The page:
V to 1 pound ground beef
116 ounce can peeled tomatoes, drained
1 8 ounce can tomato sauce
1 Wi ounce can red kidney beans
1 Ui salt
1 small rjreen pepper, chopped
1 ' tsp. chili powder (or to taste)
4 tsp. garlic powder
Brown beef, onion and green pepper. Dram excess grease. Add
rnrTiammij mfjrmjionts. oBHlQn to TBSte.
CSL forms conduct code
by Adella Wacker
More important than any new procedure in
the conduct and disciplinary codes approved
last week by the Council on Student Life (CSL)
is the fact that the new regulations are now
gathered in one place.
The skeleton for the two codes is the
regulations and disciplinary procedures printed
in UNL campus handbook.
Two CSL subcommittees started expanding,
specifying and adding to those procedures
during the 1970-71 school year, in part because
of the antiwar disturbances, according to Ron
Gierhan, UNL discipline officer.
The regents' policy statements on campus
disorders, response to disruptive action and
rights to public hearing, already in the
handbook, were dfted into the new codes
The goal, according to Gierhan, who served
on both the code and the discipline
subcommittees, was to present essential rules in
While he said he feels students have been
afforded due process in campus disciplinary
proceedings, Gierhan said court decisions have
stressed that student conduct codes be as
specific as possible.
The new code, therefore, contains more
specifics, examples of misconduct, adds a
policy on academic dishonesty, expands drug
regulations, and changes the UNL judicial body.
Each college has its own regulations dealing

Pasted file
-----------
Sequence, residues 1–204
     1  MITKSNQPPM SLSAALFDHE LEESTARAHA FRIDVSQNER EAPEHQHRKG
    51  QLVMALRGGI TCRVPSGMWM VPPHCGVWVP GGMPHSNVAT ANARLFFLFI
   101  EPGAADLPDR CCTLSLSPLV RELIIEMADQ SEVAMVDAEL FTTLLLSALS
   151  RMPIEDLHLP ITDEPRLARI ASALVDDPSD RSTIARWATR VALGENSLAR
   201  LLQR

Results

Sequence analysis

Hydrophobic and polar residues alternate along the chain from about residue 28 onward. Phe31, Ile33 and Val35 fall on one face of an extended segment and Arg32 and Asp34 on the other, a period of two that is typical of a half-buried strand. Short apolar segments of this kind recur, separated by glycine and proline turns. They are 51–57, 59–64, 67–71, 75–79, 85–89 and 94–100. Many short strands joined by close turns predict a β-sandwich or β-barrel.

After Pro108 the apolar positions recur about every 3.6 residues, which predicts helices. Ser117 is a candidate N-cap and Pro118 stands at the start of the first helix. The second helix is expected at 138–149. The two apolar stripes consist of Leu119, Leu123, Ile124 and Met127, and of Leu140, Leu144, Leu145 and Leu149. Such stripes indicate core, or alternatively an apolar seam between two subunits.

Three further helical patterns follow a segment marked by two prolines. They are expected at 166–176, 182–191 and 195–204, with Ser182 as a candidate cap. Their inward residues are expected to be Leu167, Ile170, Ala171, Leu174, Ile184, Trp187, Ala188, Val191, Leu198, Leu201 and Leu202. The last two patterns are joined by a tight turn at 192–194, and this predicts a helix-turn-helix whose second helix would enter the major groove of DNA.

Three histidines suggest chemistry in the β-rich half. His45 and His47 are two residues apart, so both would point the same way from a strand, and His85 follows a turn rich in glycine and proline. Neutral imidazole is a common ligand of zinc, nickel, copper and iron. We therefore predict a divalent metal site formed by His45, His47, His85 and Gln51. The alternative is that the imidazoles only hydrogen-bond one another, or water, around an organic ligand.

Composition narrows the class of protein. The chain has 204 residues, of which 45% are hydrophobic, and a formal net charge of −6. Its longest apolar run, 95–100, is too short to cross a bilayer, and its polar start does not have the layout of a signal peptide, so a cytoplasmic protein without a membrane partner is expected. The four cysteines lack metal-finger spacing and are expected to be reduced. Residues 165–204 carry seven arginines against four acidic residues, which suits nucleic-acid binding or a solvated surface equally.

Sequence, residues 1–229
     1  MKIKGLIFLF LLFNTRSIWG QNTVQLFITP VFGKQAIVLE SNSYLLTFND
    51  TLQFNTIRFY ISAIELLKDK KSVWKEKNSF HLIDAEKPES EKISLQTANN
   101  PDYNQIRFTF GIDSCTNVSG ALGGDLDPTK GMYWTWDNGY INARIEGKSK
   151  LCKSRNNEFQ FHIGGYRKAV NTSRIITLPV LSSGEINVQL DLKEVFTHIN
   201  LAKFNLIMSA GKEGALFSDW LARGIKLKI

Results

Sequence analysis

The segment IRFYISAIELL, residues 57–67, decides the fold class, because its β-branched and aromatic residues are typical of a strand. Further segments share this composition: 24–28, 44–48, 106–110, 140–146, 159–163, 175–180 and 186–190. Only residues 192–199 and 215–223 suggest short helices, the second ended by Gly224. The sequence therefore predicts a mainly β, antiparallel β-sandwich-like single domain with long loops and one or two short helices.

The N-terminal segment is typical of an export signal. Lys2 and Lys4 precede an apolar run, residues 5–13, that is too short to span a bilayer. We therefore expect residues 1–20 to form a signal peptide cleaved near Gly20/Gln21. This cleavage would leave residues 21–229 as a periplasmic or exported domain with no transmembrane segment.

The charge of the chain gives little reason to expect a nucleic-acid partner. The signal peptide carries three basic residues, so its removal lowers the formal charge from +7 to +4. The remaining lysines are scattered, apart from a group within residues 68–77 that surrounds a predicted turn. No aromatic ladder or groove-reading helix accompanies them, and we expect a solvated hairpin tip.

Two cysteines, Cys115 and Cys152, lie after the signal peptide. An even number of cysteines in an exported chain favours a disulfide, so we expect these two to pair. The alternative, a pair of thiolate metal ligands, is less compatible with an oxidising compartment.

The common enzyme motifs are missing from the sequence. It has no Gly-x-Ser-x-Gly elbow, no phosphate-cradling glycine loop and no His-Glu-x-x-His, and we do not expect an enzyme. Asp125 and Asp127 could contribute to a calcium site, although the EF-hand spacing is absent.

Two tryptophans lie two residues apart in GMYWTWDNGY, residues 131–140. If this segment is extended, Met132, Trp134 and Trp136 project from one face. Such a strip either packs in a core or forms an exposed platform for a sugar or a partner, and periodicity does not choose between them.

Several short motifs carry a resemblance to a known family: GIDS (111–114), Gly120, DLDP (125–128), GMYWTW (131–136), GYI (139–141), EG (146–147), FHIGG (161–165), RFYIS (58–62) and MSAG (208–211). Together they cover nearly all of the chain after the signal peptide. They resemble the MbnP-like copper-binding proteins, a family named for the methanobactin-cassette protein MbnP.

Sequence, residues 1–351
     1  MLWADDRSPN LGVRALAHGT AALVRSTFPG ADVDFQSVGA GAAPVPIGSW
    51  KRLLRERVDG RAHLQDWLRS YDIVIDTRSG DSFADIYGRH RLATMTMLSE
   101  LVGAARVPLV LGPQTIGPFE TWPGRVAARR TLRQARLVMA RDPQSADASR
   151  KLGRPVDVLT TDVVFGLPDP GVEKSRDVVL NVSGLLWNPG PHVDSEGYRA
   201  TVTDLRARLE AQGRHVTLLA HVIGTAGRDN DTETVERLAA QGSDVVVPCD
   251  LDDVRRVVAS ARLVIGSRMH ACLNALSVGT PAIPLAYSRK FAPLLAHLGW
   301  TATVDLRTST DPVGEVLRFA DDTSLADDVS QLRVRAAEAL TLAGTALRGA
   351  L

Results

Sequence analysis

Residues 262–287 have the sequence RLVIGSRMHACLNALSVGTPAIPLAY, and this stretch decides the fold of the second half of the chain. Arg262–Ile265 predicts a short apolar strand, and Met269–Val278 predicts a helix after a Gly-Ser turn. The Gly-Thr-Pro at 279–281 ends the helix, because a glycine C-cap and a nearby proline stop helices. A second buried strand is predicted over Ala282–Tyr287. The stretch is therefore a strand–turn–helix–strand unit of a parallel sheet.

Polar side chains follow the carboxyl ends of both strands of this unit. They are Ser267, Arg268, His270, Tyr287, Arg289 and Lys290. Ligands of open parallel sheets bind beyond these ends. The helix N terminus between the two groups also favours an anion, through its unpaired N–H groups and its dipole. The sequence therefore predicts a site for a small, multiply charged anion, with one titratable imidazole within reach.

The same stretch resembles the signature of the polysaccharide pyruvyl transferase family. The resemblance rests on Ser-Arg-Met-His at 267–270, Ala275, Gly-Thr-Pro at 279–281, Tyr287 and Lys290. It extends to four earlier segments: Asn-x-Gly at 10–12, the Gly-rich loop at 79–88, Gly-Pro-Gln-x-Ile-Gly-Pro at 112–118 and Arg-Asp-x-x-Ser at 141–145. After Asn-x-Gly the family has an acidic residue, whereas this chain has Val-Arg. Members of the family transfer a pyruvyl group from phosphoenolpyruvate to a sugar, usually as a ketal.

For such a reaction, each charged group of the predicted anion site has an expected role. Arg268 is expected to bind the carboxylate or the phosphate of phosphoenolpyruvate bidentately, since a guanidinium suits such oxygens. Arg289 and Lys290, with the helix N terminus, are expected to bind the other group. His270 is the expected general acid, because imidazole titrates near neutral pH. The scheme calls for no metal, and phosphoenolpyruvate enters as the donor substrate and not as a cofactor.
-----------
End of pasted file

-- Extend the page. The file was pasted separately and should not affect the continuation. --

with student cheating.
For the first time, however, the code
includes examples of academic dishonesty: a
student's submitting examinations, themes, etc.
that are not his own, helping another student
cheat, or illegally entering an instructor's office
to change one's grades.
While the code says students found guilty of
cheating are subject to discipline, instructors
decide whether to take action prescribed in the
An instructor may give a failing grade in the
assignment or the course.
However, any action causing a student to fail
the course must be reported in writing to the
department chairman and vice chancellor of
The vice chancellor then decides if the case
should go to the University Judiciary.
The student is also given the right to take
the alleged cheating incident out of the
, instructor's hands to the department chairman,
vice chancellor, his advisor, or the college dean.
The expanded drug policy and discipline
procedure is a direct result of a CSL
subcommittee drug study.
Under the old regulations, alcohol and drug